PROVIDENCE, R.I. – Chris Mack didn’t mince words. After praising Providence, who beat his Xavier team 81-72 on Saturday, he started in on his team with their defensive play, and he continued and finished with that as well. It’s clear he wasn’t happy with his team’s defense, and that it wasn’t just on Saturday that such was the case.
“I thought our defense was terrible. It was pathetic,” said the Xavier head coach. “It was not who we’ve been, but it’s who we’ve been lately, and it needs to change, because nobody is going to compete for a Big East championship, an NCAA Tournament berth, and all the things we have outlined for our program this year if we’re playing games in the 80s and 90s.”
Opponents are shooting below 42 percent from the field on the season. But that number is up in Big East play, including Providence’s 44.1 percent on Saturday. They are also allowing opponents to shoot over 43 percent on three-pointers in Big East play, with Providence going 8-20 from beyond the arc. The Musketeers’ trademark isn’t forcing turnovers, but they’ve also done that at a lesser clip of late. Providence’s six turnovers on Saturday marked the fifth time in nine games that a Xavier opponent gave the ball away a single-digit number of times. That comes after they did so just once in the first 11 games.
“It really doesn’t matter right now if we play Providence or if we play a local YMCA team,” said Mack. “Teams score 50 in a half, they score 46 in a half, they hit hook shots, they hit three-point shots. We just give it to them any way they want it.”
Xavier has had to do a lot of growing this season. This isn’t a team full of seniors, as only two play anything resembling significant minutes, and several holdovers have had to grow into more significant roles from last season. In addition, they have to deal with eight new teams in their new conference, whereas the Big East holdovers only have to learn about three new teams. (Xavier was in the Atlantic 10 with fellow newcomer Butler last season, so there is a little familiarity there.)
The Musketeers have four newcomers either starting or playing significant minutes, and a rust factor is apparent at times with two who didn’t play last year due to academics in guard Myles Davis and forward Jalen Reynolds. Though not very athletic, Davis is a player you leave open at your peril, while Reynolds hasn’t earned a lot of consistent minutes yet but has great potential as he’s long and athletic, especially for the power forward spot.
“Those guys are going to be like the stock market a little bit,” said Mack. “They’re going to be up and down, as most freshmen are going to be, but they’re a huge part of our team, and it’s on them to come to practice every single day and want to improve, and I’ve seen that.”
Perhaps with that youth, the Musketeers got a little complacent after some winning. Xavier won their first five games of the season, then later swept through December to begin an eight-game winning streak that included their first three Big East games. Mack saw potential issues at times as they were winning, and the inability to solve them has hurt them recently and can hurt them again later.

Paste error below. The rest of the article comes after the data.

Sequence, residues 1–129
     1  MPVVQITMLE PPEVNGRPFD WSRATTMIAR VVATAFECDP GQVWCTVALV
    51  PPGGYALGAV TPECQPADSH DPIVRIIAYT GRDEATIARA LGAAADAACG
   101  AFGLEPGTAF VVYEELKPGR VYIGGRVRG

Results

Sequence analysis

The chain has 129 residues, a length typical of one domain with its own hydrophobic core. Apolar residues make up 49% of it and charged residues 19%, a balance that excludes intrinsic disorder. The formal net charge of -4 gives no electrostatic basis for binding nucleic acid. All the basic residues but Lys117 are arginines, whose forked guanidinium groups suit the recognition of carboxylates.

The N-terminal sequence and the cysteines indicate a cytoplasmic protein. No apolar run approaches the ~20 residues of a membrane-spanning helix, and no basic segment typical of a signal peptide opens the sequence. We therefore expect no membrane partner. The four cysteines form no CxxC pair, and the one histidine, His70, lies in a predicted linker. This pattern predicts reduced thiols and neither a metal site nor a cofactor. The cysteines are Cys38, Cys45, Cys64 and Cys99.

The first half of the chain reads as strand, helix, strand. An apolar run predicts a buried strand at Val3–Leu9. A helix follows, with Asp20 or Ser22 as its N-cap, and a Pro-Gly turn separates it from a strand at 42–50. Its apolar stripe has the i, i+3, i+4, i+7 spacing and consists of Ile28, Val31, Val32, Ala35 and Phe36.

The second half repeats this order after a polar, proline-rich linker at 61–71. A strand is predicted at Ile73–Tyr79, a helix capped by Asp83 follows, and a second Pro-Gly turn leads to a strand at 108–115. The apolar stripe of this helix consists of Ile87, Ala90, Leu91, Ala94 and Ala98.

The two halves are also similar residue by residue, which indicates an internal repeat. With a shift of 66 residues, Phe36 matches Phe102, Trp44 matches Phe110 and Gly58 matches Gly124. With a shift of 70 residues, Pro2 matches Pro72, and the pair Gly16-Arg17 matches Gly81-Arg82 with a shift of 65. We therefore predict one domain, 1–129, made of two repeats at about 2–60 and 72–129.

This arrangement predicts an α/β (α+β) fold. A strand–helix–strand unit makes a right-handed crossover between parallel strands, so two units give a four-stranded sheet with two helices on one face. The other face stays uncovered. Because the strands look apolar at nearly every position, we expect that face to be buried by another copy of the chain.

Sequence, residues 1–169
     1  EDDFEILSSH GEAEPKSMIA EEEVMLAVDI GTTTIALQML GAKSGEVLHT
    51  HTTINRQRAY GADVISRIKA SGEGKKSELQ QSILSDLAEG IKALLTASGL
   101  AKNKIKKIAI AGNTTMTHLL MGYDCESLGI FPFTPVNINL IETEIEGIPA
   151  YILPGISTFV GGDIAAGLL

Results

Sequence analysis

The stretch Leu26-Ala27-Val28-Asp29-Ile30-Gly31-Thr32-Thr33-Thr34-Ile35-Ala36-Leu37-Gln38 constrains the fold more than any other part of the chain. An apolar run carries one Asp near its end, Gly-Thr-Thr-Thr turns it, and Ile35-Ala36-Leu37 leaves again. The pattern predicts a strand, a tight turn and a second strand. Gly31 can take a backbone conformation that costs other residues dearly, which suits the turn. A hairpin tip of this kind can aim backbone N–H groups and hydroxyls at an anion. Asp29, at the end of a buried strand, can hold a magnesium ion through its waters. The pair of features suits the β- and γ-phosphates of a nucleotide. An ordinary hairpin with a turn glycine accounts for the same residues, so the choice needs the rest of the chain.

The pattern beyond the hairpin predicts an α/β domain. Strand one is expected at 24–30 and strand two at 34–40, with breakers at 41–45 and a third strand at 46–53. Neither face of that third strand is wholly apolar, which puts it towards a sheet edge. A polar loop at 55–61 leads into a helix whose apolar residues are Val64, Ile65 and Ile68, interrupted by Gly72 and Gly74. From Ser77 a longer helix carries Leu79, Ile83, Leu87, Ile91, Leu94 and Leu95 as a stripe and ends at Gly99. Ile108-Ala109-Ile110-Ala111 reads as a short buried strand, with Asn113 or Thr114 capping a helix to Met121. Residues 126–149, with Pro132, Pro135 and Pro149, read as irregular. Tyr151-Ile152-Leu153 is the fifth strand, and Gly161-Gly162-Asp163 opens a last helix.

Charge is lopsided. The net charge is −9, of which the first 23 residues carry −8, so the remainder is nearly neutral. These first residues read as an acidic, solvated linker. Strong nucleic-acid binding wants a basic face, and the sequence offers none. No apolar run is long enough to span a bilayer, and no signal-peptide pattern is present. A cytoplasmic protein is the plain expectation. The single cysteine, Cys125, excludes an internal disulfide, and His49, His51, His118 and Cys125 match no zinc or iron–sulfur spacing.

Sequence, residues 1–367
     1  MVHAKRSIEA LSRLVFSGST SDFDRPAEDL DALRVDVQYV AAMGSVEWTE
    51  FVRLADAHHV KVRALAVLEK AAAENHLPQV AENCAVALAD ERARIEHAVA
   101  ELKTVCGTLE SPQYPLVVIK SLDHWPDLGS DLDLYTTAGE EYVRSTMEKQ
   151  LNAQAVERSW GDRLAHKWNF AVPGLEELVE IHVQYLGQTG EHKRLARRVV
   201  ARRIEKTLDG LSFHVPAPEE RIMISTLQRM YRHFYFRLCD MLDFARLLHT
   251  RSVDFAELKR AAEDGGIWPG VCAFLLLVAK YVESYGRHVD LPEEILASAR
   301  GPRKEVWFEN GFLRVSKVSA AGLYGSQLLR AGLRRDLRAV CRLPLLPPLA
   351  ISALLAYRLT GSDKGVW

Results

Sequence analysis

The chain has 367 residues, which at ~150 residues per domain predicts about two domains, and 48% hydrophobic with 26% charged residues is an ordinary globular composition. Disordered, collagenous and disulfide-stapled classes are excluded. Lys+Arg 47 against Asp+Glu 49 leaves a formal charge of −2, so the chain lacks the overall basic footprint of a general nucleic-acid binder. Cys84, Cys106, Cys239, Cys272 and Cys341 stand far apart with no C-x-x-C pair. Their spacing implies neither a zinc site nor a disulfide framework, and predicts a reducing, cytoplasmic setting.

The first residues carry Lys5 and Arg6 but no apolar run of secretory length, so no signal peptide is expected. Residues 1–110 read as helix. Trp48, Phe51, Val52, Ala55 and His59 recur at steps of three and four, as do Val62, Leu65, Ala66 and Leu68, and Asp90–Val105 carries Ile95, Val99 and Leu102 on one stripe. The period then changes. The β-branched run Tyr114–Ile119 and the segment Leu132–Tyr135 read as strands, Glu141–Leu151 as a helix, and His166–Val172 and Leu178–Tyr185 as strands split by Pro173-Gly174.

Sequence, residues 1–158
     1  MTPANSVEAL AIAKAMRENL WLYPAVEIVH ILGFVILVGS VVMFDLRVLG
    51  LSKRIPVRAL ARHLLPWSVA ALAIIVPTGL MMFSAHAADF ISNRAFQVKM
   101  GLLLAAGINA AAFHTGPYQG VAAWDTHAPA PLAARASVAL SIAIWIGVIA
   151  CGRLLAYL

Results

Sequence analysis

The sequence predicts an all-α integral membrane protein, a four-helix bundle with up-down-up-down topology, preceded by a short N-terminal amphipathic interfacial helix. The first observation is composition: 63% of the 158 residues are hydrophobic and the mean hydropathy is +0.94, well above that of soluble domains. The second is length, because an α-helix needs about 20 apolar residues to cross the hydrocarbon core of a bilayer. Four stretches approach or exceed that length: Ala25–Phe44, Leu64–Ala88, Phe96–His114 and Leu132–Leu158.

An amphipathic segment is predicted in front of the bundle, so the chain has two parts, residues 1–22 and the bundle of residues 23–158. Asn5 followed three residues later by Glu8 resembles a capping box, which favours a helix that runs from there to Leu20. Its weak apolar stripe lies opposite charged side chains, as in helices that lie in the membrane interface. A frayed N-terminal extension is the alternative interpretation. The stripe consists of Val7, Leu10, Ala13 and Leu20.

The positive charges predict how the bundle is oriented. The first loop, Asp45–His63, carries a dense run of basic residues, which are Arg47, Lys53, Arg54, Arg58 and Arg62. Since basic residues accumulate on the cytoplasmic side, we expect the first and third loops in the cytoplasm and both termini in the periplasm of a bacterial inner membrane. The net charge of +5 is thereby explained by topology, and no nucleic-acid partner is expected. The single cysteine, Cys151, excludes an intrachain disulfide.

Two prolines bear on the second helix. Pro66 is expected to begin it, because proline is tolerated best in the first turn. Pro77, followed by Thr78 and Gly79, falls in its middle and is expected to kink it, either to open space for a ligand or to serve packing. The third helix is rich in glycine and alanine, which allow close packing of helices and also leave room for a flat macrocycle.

“Our mentality has changed,” said Mack. “We’ve won games, so you don’t feel like your hand was burned on the stove and so you keep touching it. Hey, we won, we’re fine. We’re not fine.”
Unlike in many past years, Xavier played a very home-heavy non-conference schedule this time around. The slate included just one true road game (a win at Alabama) along with four at neutral sites, including three at the Battle 4 Atlantis. The Musketeers lost all three in The Bahamas, the first time they played away from home on the season, and that stretch was sandwiched in between the aforementioned winning streaks. The Big East schedule likewise started out home-heavy, as their first three games were at the Cintas Center. They took advantage of it, as they have not lost at home all season. Now, they just completed the second game of a stretch with seven of ten on the road, one that will test this team.
While more road games will add to the challenge, what’s at hand for this team is something bigger: defensive improvement is needed. That’s the case whether they are playing in Cincinnati or somewhere else.
“We didn’t stick to our defensive principles,” said junior forward Justin Martin, who led the Musketeers on Saturday with 19 points. “At the beginning of the season, we were executing better than we are now, so we’ve just got to make adjustments. It starts in practice.”
Xavier has a week to work on getting back to being the defensive team they were earlier in the season, as they don’t play again until Seton Hall comes to Cincinnati next Saturday. No one could have known the timing of the week off would potentially be good, but it’s here, and they have a chance to regroup.
“It’s a great time to get locked in and get back to playing defense the way we know how to play defense, the way we started out the season playing defense, getting stops and rebounds,” said sophomore guard Semaj Christon. “I feel like this week is a great week for us to bounce back and get our heads back to where we need to be.”
Mack finished up the press conference much the way he began. While coaches constantly emphasize defense, Mack noted that Xavier has had a defensive system in place for a long time, well before he got there and before he became the head coach. His team is playing well enough offensively to win, as they are scoring 80 points per game in Big East play and nearly 76 a game overall. And he sees the trend being in the wrong direction as well.
“We’re not good,” said Mack as he went on to elaborate. “I mean that in the sense of, we haven’t arrived. We have to get better. We have to get back to who we’ve been for a long time defensively.”